It's also what Reuters correspondents writing on the Middle East conflict do regularly.
Take this story by Reuters Jerusalem Editor-in-Charge Jeffrey Heller about today's upcoming speech before Congress by Israeli Prime Minister Benjamin Netanyahu. Here are some of the rhetorical devices Heller uses to compel his readers to accept and adopt his (Heller's) anti-Israel, pro-Palestinian political plank:
Heller characterizes Netanyahu as "right-wing", conjuring up images of a politician with extremist views. Neither Heller nor anyone else at Reuters ever refer to Palestinian President Mahmoud Abbas nor other Palestinian leaders as "right-wing". Indeed, Abbas is routinely referred to as a "moderate". This of a man who is on record as stating: “At this present juncture, I am opposed to armed struggle because we cannot succeed in it, but maybe in the future things will be different"."I will outline a vision for a secure Israeli-Palestinian peace," the right-wing Israeli leader said on Monday about his planned address to a joint meeting of Congress [...]
The phrase "occupied West Bank" is used so often by Reuters, we refer to it as a propaganda mantra. As we've noted many times, the territory described does not belong to any sovereign state and cannot therefore, under the Geneva Conventions, be considered "occupied". Moreover, the appellation "West Bank" was assigned to the territory by the Jordanian Arabs following their invasion and conquest in 1948-49. As such, it is an Arab ethnocentric name which celebrates the ethnic cleansing of the ancient Jewish community that had been living in the region. The Judeo-Israeli appellation for the territory is Judea and Samaria, a name Reuters correspondents are enjoined to provide as per their handbook of ethical guidelines. That propagandists like Heller consistently ignore their responsibility in this respect is evidence of their intent to deceive their audience.Obama drew Israeli anger a day earlier when he said a Palestinian state in the occupied West Bank and Gaza Strip should largely be drawn along lines that existed before the 1967 war in which Israel captured those areas and East Jerusalem [...]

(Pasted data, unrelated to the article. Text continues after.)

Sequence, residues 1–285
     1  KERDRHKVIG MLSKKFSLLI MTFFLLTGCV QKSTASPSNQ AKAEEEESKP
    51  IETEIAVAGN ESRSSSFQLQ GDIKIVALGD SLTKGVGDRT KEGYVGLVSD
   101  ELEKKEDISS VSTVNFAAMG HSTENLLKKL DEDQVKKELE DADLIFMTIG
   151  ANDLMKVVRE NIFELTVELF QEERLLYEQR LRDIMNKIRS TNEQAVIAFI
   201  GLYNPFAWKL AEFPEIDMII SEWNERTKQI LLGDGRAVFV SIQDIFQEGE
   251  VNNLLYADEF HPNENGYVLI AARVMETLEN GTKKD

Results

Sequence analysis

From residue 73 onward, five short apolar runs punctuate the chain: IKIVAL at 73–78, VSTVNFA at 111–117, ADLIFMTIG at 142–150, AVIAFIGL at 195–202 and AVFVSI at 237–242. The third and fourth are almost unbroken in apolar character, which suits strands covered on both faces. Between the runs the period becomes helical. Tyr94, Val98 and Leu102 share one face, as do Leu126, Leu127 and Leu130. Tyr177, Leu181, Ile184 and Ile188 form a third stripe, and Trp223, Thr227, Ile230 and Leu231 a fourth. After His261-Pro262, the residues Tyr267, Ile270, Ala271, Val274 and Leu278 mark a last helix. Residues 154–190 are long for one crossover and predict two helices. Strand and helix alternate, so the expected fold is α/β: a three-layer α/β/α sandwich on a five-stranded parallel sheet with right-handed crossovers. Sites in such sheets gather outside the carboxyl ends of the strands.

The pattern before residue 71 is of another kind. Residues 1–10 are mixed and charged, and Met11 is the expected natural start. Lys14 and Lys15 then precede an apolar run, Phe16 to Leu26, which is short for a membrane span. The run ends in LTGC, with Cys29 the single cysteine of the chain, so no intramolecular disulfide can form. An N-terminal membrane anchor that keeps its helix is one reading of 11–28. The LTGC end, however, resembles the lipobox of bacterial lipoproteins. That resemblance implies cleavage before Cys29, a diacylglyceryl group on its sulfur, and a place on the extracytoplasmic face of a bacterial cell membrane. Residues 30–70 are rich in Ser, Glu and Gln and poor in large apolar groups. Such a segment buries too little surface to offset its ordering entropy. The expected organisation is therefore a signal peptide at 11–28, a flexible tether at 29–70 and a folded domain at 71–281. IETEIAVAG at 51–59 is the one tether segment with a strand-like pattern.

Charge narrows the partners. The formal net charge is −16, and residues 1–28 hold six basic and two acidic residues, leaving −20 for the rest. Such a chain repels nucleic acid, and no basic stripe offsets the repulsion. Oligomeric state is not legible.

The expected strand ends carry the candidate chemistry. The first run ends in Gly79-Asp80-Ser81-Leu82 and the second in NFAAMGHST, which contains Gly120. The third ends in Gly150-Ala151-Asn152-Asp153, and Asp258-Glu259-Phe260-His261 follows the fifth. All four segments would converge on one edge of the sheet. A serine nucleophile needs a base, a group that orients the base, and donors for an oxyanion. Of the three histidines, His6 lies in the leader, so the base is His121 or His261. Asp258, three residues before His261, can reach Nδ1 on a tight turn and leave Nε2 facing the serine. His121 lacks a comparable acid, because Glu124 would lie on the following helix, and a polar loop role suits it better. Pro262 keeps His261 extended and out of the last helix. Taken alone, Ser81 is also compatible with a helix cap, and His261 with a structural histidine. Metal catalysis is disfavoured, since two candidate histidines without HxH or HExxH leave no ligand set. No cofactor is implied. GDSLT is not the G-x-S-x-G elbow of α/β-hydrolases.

Heller puts the onus for suspended peace talks solely on the US (Obama) and Israel (Netanyahu). There is no suggestion whatsoever of the Palestinians offering "a concrete plan to try to revive them". In fact, Heller gives Palestinian President Abbas a complete pass on the stalemate, failing even to mention that it is he (Abbas) who has repeatedly refused to sit down with Israel in negotiations.Peace talks are frozen, largely over the issue of Israeli settlements in the West Bank. Neither Obama nor Netanyahu have offered a concrete plan to try to revive them [...]
Hamas is not simply "viewed by the United States as a terrorist organisation". It is also officially declared as such by nearly the entire free world including Canada and the European Union. Heller is attempting here to downplay the widespread recognition of this reality.[US Congressman] Cantor was referring to a unity deal last month between Western-backed Palestinian Authority President Mahmoud Abbas' Fatah movement and Hamas, an Islamist group viewed by the United States as a terrorist organisation [...]
So you see, Netanyahu is inflexible and demanding, and the Palestinians fearful.Speculation had been high in Israel that Netanyahu would offer new ideas on peacemaking to try to display flexibility and rally opposition to the Palestinians' plan to ask the United Nations to recognise a Palestinian state in September.
In his AIPAC address, Netanyahu reiterated his demand that Palestinians recognise Israel as a Jewish state, a step they fear could impinge on their claim of a right of return for Palestinian refugees displaced by the Israeli-Arab conflict [...]
Here, Heller is lobbying for the lobby group J Street. While Heller asserts, sans evidence, that J Street is "pro-Israel" and describes a few of its political positions, he pointedly fails to report on a key position of its leadership, that is, if the Palestinian Arabs and Arab states will not make peace with Israel, then perhaps Israel "ain't a very good idea". This too, just a bit unlike AIPAC.AIPAC's dominant voice in advocating for Israel has been challenged by J Street, a pro-Israel lobby founded in 2009.
J Street leaders have said the group provides a way for liberal American Jews critical of Israeli government policies to support the Jewish state.
Unlike AIPAC, the group supports President Obama's demand that Israel cease settlement expansion in the occupied West Bank, while calling on the Palestinians to end incitement and violence [...]